The Season of Melhuish
That time of year has arrived, poking its head around the corner once more. The time of colourful foliage gracefully falling. The time of pumpkin spice lattes and cozy, knitted blankets. The time of the year some call “spooky season” and the time of the first Melhuish competition.
For those not aware, the Melhuish competitions are comprised of three contests, one each in reading, writing, and reciting. Each term there is a Melhuish competition focused around one of these literary arts.
The first term competition is on the recitation of poetry, all options of which are found within the Poetry in Voice database. The second is molded around students writing and then reciting from memory their own persuasive speeches on a school-wide prompt. The final term competition is on student poetry, in which students write and recite their own poetic works.
From each English class, the two best performances are voted on and those who earn top accolades are granted an even more honourable task, sending a video of their performance to the esteemed Head of the English Department, Mr Paul Collis. Mr Collis then chooses a single representative from each grade who then shares their rendition for the entire school at Assembly.
The Melhuish competition gains its name from highly acclaimed English Department legend Beth Melhuish. Ms Melhuish was an English teacher at Brentwood for over twenty years and her passion for the literary arts is what led to this illustrious event bearing her name. She excelled at teaching English to those who saw it as a nuisance, not an ardour. Specifically, she inspired students to push through their comfort zones and into the unknown territory that is performing. After her passing in 2015, this competition ensures that Ms Melhiush will live on throughout Brentwood history.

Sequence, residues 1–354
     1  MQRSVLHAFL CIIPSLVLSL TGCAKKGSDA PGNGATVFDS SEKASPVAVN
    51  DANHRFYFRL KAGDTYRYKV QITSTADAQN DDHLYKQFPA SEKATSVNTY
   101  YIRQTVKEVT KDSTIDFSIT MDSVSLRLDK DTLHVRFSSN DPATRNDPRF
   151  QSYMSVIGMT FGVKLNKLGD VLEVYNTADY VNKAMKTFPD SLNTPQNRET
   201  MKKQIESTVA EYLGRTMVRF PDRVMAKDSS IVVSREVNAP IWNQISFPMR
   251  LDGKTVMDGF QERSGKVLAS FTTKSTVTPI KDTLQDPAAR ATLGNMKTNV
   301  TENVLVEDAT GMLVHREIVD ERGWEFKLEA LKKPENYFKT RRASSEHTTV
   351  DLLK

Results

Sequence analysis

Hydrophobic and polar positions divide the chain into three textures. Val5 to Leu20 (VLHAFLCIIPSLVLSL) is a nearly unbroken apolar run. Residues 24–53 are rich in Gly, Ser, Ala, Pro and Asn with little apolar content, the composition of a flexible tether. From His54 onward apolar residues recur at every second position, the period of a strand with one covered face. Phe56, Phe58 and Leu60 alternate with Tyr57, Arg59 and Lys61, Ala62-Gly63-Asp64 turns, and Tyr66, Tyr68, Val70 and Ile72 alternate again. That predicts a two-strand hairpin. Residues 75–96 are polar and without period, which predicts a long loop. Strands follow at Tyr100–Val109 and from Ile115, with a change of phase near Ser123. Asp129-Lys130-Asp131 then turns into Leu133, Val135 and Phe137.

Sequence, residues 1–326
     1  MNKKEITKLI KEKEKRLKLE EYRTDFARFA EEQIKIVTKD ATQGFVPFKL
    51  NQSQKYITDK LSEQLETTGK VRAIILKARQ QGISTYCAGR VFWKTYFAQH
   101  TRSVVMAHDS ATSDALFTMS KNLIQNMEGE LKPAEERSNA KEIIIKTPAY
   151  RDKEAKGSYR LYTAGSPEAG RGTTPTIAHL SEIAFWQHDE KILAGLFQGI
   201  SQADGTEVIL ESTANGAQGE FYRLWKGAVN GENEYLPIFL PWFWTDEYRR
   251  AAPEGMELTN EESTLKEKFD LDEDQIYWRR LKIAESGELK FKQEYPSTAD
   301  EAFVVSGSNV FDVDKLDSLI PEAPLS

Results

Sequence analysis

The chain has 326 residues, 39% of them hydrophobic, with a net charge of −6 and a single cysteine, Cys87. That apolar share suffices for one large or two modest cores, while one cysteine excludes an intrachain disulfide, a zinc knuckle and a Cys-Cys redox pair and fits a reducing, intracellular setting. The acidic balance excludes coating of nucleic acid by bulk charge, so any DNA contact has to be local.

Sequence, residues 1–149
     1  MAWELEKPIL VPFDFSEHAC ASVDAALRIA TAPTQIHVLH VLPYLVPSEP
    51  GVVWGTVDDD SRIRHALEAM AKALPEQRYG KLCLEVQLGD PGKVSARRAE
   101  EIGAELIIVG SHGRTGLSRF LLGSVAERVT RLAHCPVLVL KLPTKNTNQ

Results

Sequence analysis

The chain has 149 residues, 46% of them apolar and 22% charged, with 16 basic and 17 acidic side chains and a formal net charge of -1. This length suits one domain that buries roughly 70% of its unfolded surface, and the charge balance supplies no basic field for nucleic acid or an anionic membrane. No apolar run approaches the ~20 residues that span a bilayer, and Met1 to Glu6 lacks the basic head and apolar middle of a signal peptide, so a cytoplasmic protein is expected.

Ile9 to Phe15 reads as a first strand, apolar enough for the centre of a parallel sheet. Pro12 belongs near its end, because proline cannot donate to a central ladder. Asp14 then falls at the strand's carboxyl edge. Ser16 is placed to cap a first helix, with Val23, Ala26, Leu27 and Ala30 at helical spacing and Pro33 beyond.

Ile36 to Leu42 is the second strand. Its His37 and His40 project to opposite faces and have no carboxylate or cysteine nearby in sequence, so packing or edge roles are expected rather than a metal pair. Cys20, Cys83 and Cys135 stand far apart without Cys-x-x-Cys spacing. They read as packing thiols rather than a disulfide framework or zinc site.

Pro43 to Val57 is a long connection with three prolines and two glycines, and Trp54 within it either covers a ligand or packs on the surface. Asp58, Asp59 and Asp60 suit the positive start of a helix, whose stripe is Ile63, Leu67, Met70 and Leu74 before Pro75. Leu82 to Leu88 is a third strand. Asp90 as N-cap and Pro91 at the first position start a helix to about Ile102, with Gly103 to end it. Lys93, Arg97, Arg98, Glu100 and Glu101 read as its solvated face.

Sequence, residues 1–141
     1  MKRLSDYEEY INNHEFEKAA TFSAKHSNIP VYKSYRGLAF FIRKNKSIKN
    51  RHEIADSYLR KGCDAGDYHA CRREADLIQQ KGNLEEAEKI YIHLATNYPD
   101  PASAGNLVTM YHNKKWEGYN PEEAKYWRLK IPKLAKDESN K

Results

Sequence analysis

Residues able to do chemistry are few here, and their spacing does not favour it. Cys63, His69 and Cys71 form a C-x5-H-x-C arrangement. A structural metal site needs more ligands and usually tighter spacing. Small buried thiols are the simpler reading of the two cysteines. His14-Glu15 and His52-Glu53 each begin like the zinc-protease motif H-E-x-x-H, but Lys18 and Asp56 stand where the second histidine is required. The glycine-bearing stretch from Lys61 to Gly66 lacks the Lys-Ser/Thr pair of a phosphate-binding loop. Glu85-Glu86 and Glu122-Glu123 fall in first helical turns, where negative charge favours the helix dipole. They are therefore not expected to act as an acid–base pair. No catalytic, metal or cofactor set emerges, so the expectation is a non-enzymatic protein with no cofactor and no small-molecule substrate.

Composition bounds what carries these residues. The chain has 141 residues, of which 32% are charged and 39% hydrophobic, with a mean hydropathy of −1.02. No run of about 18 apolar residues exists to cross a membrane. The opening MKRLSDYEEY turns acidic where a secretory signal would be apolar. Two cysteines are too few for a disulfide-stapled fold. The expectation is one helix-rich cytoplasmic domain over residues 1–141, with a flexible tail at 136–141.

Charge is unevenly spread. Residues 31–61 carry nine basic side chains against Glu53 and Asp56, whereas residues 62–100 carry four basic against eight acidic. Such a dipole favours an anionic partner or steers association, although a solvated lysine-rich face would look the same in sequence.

The Melhuish competitions mean something different to every individual. To the aforementioned Mr Collis, Melhuish gives an opportunity to the students who hold a different skill set than those who are frequently highlighted. He stated that “English talent is in the pen, sure, but also in the larynx, and the Melhuish contests celebrate our best vocal performers, who are often a different, louder, crowd than our prize-winning writers.”
To Jensa NG, Mack ‘23 the first Melhuish allows one to study the works of the world’s finest poets to understand them better. In the analysis process, students can also use different techniques that fit their own learning style. Jensa said that these different techniques “allow us to gain a deeper knowledge of the poems”.
This year, Melhuish will allow students to share their experiences and feelings from the last six months as we are in such a pivotal time in history. Students will be encouraged to find new ways to express themselves and their situations, as that is what Melhuish is all about, giving a voice to the people.
Tommy M, Privett ‘23